But Brees is just the first of many players you shouldn’t second-guess.
However, sometimes when you’re drafting, those “guarantees” will fly off the board, and you’re left with too many decisions and not enough real answers.
Read on to see if the players you’re targeting in your draft are “sure things.”
(List is in no particular order.)
1. Randy Moss, WR, New England Patriots
This isn’t Oakland or Minnesota.
Randy Moss is playing dominant football, and he’s doing it with a smile.
Even without his stud quarterback, Tom Brady, he had a solid 2008, with over 1,000 yards and 10 scores.
He may not get back to 23 touchdowns, but with Brady and that offense gearing for a potential return to 2007 form, he’s as safe a bet as any star receiver.
Prediction: 84 rec, 1,390 yards, 15 TD
2. Wes Welker, WR, New England Patriots
Much like Moss, Welker benefits from a great New England system, as well as the return of 2007′s NFL MVP, Tom Brady.
Again, like Moss, the most beautiful part about this receiver is that even without his star quarterback, his production really didn’t drop off too much.
Mark him down for two straight seasons with at least 111 catches and 1,100 yards.
I’d bet on a third.
Prediction: 115 rec, 1,224 yards, 7 TD
3. Peyton Manning, QB, Indianapolis Colts
Manning won’t miss Marvin Harrison as much as many think.
Harrison has been on a downward slide for two seasons now, and Manning has been able to build great chemistry with his No. 1 guy, Reggie Wayne, as well as Dallas Clark and Anthony Gonzalez.
Gonzalez gives the Colts the speed Harrison “used” to have, as well as reliable hands and good route-running.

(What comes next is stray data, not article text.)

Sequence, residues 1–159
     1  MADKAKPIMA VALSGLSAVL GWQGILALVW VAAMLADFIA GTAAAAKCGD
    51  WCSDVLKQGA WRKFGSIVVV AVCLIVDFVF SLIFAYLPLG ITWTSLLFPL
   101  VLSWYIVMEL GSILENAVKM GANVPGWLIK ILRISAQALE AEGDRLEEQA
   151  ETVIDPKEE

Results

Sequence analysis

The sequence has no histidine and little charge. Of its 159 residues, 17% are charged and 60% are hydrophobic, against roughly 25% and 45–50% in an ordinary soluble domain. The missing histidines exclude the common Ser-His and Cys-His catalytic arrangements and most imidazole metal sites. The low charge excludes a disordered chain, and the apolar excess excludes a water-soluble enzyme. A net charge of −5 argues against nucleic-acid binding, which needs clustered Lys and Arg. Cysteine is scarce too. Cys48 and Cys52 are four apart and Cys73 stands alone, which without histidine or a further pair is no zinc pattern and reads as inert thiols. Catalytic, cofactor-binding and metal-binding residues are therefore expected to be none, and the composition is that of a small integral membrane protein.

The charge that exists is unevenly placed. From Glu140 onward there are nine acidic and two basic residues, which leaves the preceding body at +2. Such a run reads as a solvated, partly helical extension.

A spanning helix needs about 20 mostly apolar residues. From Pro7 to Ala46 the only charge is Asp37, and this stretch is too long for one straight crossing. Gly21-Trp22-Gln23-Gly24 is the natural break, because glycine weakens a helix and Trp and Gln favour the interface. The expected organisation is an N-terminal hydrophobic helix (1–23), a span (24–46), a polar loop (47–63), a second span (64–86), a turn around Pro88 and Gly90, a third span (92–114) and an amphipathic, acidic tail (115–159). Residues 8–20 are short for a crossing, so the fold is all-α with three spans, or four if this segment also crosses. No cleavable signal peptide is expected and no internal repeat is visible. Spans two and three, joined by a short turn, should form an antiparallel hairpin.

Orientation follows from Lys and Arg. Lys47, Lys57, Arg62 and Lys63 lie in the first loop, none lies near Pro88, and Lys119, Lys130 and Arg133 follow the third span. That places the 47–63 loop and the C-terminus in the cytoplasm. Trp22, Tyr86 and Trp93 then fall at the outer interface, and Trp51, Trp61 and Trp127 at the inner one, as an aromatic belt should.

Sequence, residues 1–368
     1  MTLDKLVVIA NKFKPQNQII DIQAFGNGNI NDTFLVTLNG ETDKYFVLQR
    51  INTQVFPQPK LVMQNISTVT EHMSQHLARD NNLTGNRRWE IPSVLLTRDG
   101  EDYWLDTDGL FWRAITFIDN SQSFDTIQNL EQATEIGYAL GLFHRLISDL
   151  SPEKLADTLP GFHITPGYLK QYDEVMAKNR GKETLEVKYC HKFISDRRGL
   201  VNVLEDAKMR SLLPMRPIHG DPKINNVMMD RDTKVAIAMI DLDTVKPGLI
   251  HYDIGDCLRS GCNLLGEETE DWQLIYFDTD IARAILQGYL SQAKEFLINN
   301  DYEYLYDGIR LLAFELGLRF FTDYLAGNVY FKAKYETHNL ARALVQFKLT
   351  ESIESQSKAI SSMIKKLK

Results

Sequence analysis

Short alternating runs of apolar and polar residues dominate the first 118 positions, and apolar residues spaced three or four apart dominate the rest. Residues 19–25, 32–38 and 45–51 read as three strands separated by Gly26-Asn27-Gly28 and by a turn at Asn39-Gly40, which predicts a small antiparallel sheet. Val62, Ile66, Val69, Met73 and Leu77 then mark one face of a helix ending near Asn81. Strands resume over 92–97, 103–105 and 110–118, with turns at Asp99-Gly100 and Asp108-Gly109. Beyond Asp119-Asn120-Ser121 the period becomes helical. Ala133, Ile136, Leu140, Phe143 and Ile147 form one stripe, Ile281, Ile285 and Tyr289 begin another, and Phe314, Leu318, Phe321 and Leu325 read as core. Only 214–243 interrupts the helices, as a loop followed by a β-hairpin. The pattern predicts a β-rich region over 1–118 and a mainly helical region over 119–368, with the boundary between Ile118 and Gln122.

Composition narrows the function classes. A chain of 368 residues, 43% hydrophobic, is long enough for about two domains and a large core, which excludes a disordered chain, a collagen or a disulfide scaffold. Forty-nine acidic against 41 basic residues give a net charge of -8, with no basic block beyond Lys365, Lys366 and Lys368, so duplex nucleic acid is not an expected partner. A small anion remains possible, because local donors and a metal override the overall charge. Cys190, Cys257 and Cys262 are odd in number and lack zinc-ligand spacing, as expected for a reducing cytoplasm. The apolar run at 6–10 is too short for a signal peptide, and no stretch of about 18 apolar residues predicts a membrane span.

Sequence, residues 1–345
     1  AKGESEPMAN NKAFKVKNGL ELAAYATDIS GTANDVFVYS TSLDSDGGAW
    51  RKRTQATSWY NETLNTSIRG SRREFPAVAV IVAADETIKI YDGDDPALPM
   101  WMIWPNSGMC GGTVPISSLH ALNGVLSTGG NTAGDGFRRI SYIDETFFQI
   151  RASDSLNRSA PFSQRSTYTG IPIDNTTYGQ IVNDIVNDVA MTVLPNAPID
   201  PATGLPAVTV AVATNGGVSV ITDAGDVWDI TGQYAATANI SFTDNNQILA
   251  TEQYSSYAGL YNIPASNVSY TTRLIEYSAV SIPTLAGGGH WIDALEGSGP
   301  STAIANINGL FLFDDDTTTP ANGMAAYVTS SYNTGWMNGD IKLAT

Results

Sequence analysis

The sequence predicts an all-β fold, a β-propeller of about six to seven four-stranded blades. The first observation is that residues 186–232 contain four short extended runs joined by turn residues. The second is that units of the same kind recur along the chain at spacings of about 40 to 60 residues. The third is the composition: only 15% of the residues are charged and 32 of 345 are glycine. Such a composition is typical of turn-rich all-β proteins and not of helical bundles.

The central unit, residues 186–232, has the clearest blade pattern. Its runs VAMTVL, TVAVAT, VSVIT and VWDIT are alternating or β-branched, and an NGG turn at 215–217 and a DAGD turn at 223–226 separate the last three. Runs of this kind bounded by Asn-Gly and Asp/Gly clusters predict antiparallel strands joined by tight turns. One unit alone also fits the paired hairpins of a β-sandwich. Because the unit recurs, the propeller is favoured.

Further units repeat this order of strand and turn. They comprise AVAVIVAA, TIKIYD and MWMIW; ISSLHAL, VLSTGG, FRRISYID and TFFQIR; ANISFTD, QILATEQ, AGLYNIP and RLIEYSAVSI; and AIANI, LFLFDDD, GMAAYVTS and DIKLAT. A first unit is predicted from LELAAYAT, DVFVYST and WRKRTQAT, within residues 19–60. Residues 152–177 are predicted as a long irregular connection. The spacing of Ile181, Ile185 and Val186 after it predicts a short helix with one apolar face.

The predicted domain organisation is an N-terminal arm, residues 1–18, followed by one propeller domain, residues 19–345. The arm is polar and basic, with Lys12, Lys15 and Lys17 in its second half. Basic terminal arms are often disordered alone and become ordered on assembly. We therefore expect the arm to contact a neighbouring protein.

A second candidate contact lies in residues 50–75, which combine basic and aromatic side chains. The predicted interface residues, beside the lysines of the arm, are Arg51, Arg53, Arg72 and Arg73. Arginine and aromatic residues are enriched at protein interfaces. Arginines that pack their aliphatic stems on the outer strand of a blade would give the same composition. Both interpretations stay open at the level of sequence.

With offensive coordinator Tom Moore back under contract, you can safely assume Manning should be in line for his usual 26-plus touchdowns and 4,000-plus yards.
You can talk about age (33) and last year’s knee surgery all you want, but the guy has never tossed fewer than 26 touchdowns and has passed for less than 4,000 yards just twice in his entire career.
Oh, and he was the league’s MVP last year. Yeah, he’s still got it.
Prediction: 4,177 yards, 30 TD, 14 INT
4. Reggie Wayne, WR, Indianapolis Colts
t’s as simple as this: If you’re even remotely sold on Manning continuing his dominance (he will), then Wayne is your second man in line.
He’s basically been Manning’s go-to guy for the past two years, anyways (sorry Marvin).
The guy is just entering his prime at 30 years old and is only one season removed from a sickening 104-catch, 1,500-yard season.
Expect a return to his 2007 form, or very close to it.
Prediction: 97 rec, 1,388 yards, 11 TD
5. Antonio Gates, TE, San Diego Chargers
Sure, Gates’ receptions have gone from 89 to 71 to 75, and then all the way down to 60 last year.
But he hasn’t scored fewer than eight touchdowns since his rookie year.
Yeah, that’s five straight years of being the league’s best tight end.
However, his bum toe has taken him out of his title spot (you’re welcome, Jason Witten), and now he mostly settles for touchdowns as the Chargers’ third receiving option.
Gates should be close to full health in 2009, though, which should mean fewer plays as a decoy and anywhere from 15 to 30 more grabs.
If all else fails, you have his insane touchdown production to fall back on.
Prediction: 80 rec, 985 yards, 12 TD
6. LaDainian Tomlinson, RB, San Diego Chargers
Like his teammate Gates, Tomlinson played through nagging injuries in 2008 that slowed him down and kept him from being his usual electrifying self.
L.T. put up solid numbers (1,110 yards and 11 TD) in what experts called a “down” year.
That may be true, but only because L.T. has shown us for so many years what he is capable of.